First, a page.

• EXCURSION TO PARIS. of Montjavoult. He gives us full information about the critical fossils found at this point, and his list (see page 20) is new, and presents a special interest. SECTION OF THE QUARRY OF LE WOUAST, NEAR MONTJAVOULT. Metres. 9. Grey or greenish Marls, compact (belonging to Gypsum). .s. Calcareous coloured marl or limestone. (c) Hard bed with Dissostoma mumia, Nystia microstoma (Calcaire du Itouast). 0'30 (b) Soft bed, white ⢠⢠0'10 (a) Hard Marl, white. ⢠. .. ., 0'45 7, Irregular, sandy, little hard, with Helix Menardi, and Bithinella 0'08 -6 Calcareous Marl or Limestone. (d) Very hard and yellowish ⢠0'12 (c) White Marl ⢠⢠⢠0'04 (b) Hard yellow Limestone ⢠0 30 (a) Grey stratified Limestone. , , ⢠⢠⢠⢠0'16 .5. White, soft Marl, but little fossiliferous: Lymnea longiscata,L.pyra- midalis, Planorbis goniobasis, Hyd,-obia pyramIdalis (Calcaire du Bois du Mulot et de Noisy-Ie-Sec) ⢠0 20 4. (d) Yellowish hard Limestone 018 (c) White greenish Marl, ⢠, 0 30 (b) White Marl, with yellow points. 0 10 (a) Grey hard Marl . . , , . . . . 030 .3. Stratified sandy Marl, greenish or yellowish, with Corbula minuta 0'66 2. Hard sandy Marl, with good many fossils (Wouast fauna) , , 0'25 I. White or violet sand, without fossils, very thick (Sables de Marines). The correlation of these beds with those of the environs of Paris is not yet perfectly conclusive. NO.9. These marls belong very likely to the upper mass of Gypsum. No. 8'7. Take probably the place of the third mass of Gypsum. The fauna is always Eocenic. No.6. These various beds are Eocenic, rather hard, and are probably on the level of the Marnes a Pholadomya ludensis; the mineralogical aspect is very similar but harder. No fossils occur. NO.5, This lacustrine bed is very extensive, and is placed between the Sables de Marines and the Marnes a Pholadomya. The fauna is the same as that of the Calcaire de St, Ouen, No. 4-3. Marls and Limestones, until at present not conclusively classified. (Fourth mass of Gypsum?) NO.2. This very fine fauna, nearly approaching that of Barton, characterises the upper part of the Sables of Marines No. I. No important sub-division; no etage can be established between these various beds; the fauna follows always the same line without any change, and the lower lacustrine fauna reappears when the fresh water conditions retake the place up to the fluvio-marine invasion,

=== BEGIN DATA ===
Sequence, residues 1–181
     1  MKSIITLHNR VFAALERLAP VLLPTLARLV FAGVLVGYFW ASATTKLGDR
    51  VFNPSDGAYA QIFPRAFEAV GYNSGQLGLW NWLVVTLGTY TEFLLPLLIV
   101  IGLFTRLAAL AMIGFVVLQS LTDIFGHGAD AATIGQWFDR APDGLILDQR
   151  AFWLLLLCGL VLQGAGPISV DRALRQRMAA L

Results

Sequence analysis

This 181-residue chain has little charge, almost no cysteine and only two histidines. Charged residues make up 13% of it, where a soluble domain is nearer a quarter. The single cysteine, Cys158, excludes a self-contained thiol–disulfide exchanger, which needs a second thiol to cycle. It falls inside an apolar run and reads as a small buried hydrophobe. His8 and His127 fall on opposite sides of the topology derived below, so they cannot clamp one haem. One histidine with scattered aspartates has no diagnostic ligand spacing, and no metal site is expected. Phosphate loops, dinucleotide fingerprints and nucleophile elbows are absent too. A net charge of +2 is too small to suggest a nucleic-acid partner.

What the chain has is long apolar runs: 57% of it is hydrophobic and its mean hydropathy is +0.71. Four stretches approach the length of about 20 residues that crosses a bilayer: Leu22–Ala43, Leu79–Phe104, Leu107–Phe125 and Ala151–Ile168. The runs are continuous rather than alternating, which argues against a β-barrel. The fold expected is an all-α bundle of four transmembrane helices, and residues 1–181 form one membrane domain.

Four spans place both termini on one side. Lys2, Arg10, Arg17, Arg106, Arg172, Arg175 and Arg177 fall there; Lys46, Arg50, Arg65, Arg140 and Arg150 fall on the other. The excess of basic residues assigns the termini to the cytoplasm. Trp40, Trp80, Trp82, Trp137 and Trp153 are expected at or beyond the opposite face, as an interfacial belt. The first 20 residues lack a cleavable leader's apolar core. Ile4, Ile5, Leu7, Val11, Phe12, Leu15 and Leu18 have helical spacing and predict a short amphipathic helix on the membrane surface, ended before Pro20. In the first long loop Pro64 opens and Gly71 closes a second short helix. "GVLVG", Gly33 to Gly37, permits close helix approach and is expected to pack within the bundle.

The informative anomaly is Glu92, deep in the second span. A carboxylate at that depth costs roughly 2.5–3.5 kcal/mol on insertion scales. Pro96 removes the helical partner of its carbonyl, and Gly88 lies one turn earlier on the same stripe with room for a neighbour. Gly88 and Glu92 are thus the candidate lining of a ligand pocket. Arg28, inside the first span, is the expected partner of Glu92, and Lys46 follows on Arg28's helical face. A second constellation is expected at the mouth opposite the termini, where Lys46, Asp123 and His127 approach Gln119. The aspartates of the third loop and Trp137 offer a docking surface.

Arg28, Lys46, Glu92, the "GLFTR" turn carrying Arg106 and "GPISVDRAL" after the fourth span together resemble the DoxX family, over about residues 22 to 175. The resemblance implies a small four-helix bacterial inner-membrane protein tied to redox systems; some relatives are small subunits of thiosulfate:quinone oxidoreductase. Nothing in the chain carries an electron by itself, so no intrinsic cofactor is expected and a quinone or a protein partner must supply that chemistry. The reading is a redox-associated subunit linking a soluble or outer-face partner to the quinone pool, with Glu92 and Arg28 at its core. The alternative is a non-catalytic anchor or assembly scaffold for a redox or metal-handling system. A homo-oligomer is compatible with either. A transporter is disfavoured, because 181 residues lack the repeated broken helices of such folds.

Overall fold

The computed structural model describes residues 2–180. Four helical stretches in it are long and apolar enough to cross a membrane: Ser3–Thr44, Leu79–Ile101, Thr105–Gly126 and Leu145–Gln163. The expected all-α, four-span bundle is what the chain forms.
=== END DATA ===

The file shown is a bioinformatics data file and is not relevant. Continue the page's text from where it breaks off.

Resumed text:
• 20 EXCURSION TO PARIS. LIST OF THE FOSSILS OF THE QUARRY OF THE WONAST, NEAR MONTJAVOULT. (Basement Bed.) Odontostomia mediana, Desh. = O. nisoides, Coss. Adeorb,s politus, Coss, Phasianel/a Lamareki, Desh, " arenularia , Casso lJelplzinula dejecta, Pezant = D, turbi- noides, Desh. non Larnk. Siphonodentat'''m parlsiense, Desh, Chiton Bouryi, Rochebrune, Anomia psammotheis, Bayan, Avicula transversa, Desh, Perna Lamarcki, Desh. Modiola ambigua, Desh. A rcoperna capil/aris, Desh. = A. Sear- lesi, Chelot, Modiolaria arenularia, de Raine et Munier. . Area capillacea, Desh. Pedunculus nuculalus, Lamk. Nueula mtnor; Desh. Venerirardia suleata, Sol. (Cardita). Crassatella trigonata, Larnk, II sutcata, Sol. Lutetia drficiens; Coss, Erycina ruellensis, Cess. Laubriereia cvcioides, Coss. Cardium granulojUm. Lamk, Chama turgidula, Lamk. Psammobia compressa, Sow. " Baudoni, Desh. " papyracea, Desh. Herouvalia minima, Desh, Cultellus grigonzensls, Desh, Sphmnia Passyi, Desh, Sphmnza resecta, Coss . II mqu,lalez ahs, Desh. Cardiiia Michelini, Desh, Corbula minuta, Desh. lJ1arlesia aperta, Desh. Lucina gibbosula, Lamk. .5,) ndesmya exiiis, Desh II drltoidea, Desh, II brevis, Desh. Clavagella coronata, Desh, A. PEZANT. On the way up to the top of the hill of Montjavoult we saw a very important greenish argillaceous bed belonging to the Upper Marls of the Gypsum, and the horizon of Ostrea cyathula is very well shown near by. Immediately afterwards we saw a thick mass (at least thirty metres) of yellow sand, easily recognisable as Sables de Fontainebleau, near the old church built on the summit of the place previously occupied by a very old temple to Jupiter (Mons-Jovis). We encountered some blocks of a hard Helix Menardi, Brong. = H. monilis, Desh, Limnea longiscata, Brong, II pstUdopyram,dalis, G. D. II crassula, Desh, Scaphander Brongniarti, Desh, Bullinella conulus, Desh, II denudata, Desh, Oliva Laumonti, Lamk. A ncillaria obesula, Desh. Margz1ulla bifidophcata, Charlesw Mitra puellina, Lamk. = M. parva, Edw, = M. vincenti, Cess, Liostoma bulbus, Sol. Fusus sublamellosus, Desh, = Murex depauperatus, Desh. Cerithium thiara, Lamk, = C. thia- rella, Desh. Cenihium tricarinatum, Lamk. (num. var.). Cerithium moniliferum, Defs, in Desh, = C. deperditum, C. perduum, C. obscurum, C. contabulatum, Cerithium pleurotomo,des, Lamk = C. concavum, De.h. Vermetus cristatus, Desh, Melania lactea, Brong. Bayania hordeola, Larnk. = Mel. delibala, Desh. Paryphostoma turrtcula, Brong. Lacuna micromohalus, Morelet, Rissoia nana, Lamk. II Barren, Mor. Hydrobia p'yram,dahs, Brard, sp. Stenothyra mediana, Desh, = S. cu- neata, Coss. â¢/lI)'slia microstoma, Desh. Cyciosioma (Megdlosloma) mumia, Lamk, Bouryia conoexiuscula, Coss. Capulus squamaformis, Lamk, Ca~yplra aperta, Sol. Plesiothyreus parmophoroides, Coss. Ampuilina depressa, Lamk. = Nalica pariszensis, N. studert.